One radiologist made history in Arizona, while another fell short in Florida, in Tuesday’s August 28th congressional primary elections.
In Arizona, Steve Ferrara, MD, an interventional radiologist with extensive military experience, became the first radiologist congressional candidate to win a contested primary race. In Florida, Steve Sevigny, MD, a diagnostic radiologist, finished third as a Democrat in the primary election in Florida’s 6th congressional district.
Ferrara enjoyed a landslide victory with 58.9 percent of the vote (more than 21,000 total votes) over a politically experienced opponent, who was the 2016 Republican nominee for the same Arizona 9th congressional district seat.
Ferrara has earned support and endorsement from more than 15 House Republican members of Congress, as well as 20 physician organizations. His campaign has raised over $1 million, and in early September, he will be named to the National Republican Congressional Committee’s Young Guns Program, a designation given to the party committee’s “top candidates.”
Arizona’s 9th congressional district is one of the few true independent seats in the country with more registered Independent voters (36 percent) than Republicans (31 percent) or Democrats (33 percent). In 2016, the 9th congressional district gained national attention with its ticket-splitting vote by supporting Hillary Clinton for president, Republican Sen. John McCain and Democrat Rep. Kyrsten Sinema for the House seat.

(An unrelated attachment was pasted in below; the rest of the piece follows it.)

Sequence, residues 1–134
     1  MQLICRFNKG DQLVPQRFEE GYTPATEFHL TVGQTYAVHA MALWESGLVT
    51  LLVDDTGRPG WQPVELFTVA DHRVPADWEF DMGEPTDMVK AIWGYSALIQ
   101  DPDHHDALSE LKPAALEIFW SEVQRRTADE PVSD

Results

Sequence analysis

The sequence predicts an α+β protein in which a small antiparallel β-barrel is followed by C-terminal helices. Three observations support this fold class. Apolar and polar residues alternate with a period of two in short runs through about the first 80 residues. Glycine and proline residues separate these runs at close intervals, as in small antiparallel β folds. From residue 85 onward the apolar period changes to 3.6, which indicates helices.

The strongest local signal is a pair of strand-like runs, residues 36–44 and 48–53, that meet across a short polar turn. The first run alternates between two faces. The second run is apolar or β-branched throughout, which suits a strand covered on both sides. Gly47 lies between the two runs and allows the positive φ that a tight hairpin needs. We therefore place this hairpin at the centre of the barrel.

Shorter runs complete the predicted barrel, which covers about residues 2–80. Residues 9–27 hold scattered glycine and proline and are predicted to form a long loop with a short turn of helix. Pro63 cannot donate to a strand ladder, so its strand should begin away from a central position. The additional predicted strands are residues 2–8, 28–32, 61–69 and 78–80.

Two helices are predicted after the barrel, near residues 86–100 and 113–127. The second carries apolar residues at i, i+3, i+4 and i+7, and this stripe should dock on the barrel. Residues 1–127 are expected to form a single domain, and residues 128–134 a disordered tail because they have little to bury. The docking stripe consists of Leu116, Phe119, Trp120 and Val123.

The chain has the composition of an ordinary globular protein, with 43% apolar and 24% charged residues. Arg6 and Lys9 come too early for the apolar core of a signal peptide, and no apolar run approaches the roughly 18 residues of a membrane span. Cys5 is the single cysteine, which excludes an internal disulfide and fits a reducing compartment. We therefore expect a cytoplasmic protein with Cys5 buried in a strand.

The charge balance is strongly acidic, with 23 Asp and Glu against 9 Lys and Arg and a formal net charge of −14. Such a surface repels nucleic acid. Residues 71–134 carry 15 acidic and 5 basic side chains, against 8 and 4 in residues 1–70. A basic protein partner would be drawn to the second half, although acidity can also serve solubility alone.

Following the primary election vote, Ferrara recognized the importance of his support from radiology. “I am honored to have earned the trust and support of the voters of the 9th congressional district to serve as the Republican nominee in the general election,” he said at his victory rally. “There are so many great people who have helped my campaign, but I would be remiss if I didn’t recognize the tremendous amount of support I’ve received from the radiology community — I’m grateful beyond words."
In his primary bid, Sevigny received 21.8 percent of the vote (12,596 total votes). He ran a spirited campaign based on his experience as a radiologist and businessman. His campaign caught traction heading into the final weeks of the primary but lacked the momentum to put him over the top in his Republican-leaning district. Sevigny expresses sincere gratitude for the support his campaign received from the radiology community.